As part of my ongoing attempt to be more of a minimalist, I’m cleaning out my closet again this year using the hanger-flip method. At six weeks into the year, I’d say I’ve worn 40-50% of my wardrobe.
The downside of using the hanger-flip method to clean out your wardrobe is you’re always aware of what you have and haven’t worn. There are days when I’m getting dressed where I specifically look for something I haven’t worn yet instead of thinking about what I feel like wearing that day. I’m sure there were a handful of times during last year’s clean out when I wore a garment just to “save” it from going into the going-to-charity pile, which goes against the principle of doing the closet clean out in the first place. If you have to make an effort to wear something, you probably won’t even notice if it’s not in your wardrobe anymore.
I was recently inspired to take a hard look at my wardrobe. My law firm celebrates T-shirt Friday every Friday, meaning that no matter what’s on your calendar, you wear a t-shirt to work. I was curious to know if I could go a year without repeating a t-shirt for T-shirt Fridays and I was a little astonished to realize I have 52 t-shirts in my wardrobe. That’s way more than what I really need. In my defense, some of those shirts are amazing – like the custom shirts from Ignite Phoenix. But there are others that I need to consider more closely. For instance, I usually wear a unisex small shirt but I have a few mediums for kicking around the house – but do I really need three of them?
I was recently at a conference where a vendor was giving away shirts with a really cool design, but by then they only had XLs left. I took one at the suggestion that I wear it as a night shirt. I already have an XL night shirt that I wear every night that I got at the same event last year. The XL night shirt that I used before that was one that I got in 1995 and I wore it until it became threadbare, practically see through, and was getting more holes every time I washed it. I won’t need another night shirt anytime soon so the new freebie went into the charity pile.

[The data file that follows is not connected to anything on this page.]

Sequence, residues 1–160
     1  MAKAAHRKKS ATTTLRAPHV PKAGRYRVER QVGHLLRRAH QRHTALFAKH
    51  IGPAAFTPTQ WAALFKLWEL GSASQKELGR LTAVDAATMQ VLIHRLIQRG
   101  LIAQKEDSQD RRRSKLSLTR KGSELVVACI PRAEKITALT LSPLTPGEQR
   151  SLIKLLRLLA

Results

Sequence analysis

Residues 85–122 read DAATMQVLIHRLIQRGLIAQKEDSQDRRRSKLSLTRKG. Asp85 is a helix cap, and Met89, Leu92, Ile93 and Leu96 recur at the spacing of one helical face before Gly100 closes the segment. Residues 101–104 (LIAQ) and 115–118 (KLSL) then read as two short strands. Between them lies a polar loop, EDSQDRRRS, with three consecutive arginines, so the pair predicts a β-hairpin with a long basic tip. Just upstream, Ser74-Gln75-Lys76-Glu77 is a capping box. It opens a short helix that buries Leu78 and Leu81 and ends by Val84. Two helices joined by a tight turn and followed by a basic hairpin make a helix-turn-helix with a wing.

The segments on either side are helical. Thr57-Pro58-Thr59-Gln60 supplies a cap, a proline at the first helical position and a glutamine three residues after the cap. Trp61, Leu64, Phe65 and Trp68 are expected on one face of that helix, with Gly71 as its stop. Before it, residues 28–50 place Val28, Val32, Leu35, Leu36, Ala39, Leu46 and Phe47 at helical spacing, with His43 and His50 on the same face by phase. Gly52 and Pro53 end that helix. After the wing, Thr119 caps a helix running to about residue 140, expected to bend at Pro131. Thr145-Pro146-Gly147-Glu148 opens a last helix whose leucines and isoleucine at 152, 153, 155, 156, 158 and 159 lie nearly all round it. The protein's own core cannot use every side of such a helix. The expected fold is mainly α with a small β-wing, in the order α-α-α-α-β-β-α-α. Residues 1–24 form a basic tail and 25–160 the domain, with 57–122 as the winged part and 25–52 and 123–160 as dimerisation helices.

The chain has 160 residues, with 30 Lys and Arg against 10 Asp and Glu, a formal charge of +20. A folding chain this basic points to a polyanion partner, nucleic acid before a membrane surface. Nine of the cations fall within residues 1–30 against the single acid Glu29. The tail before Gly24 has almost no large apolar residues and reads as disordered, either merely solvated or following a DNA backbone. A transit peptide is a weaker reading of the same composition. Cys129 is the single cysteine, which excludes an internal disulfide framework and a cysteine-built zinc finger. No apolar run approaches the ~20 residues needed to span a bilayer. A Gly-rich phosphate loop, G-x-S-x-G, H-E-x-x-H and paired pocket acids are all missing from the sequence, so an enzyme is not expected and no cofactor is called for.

Looking at my t-shirts made me start looking at the rest of my wardrobe. I looked at the upper shelf in my closet and counted that I have 12 pullover sweaters. And remember, I live in the desert – I don’t need 12 sweaters. I took an honest look at them and pulled four of them out that I know I don’t wear anymore. I’m sure I could pare down the pile even more.
I also took a hard look at my garments on the hangers and pulled at least ten items out and hung them in the hall closet. If I find myself wanting to wear any of them later this year, I can go get it, but putting them out of sight provides a trial run to see what it would be like not to have them in my wardrobe anymore. I’m pretty sure I won’t miss any of them.
I accept that I probably never be a complete minimalist when it comes to my wardrobe. I enjoy the variety too much. I have admiration for people who can do it and make it work. If you want to be more of a fashion minimalist, consider trying to create a capsule wardrobe – a wardrobe built on ~33 items that can be mixed and matched for three months. If you want to go a more extreme route, you can replicate what Nadia Eghbal did and wear the same outfit every day for a year.
For those of you who are on Reddit, I posted a question about whether minimalism was harder from women than men – at least from a fashion perspective – and it generated a lot more discussion than I expected. Check it out here.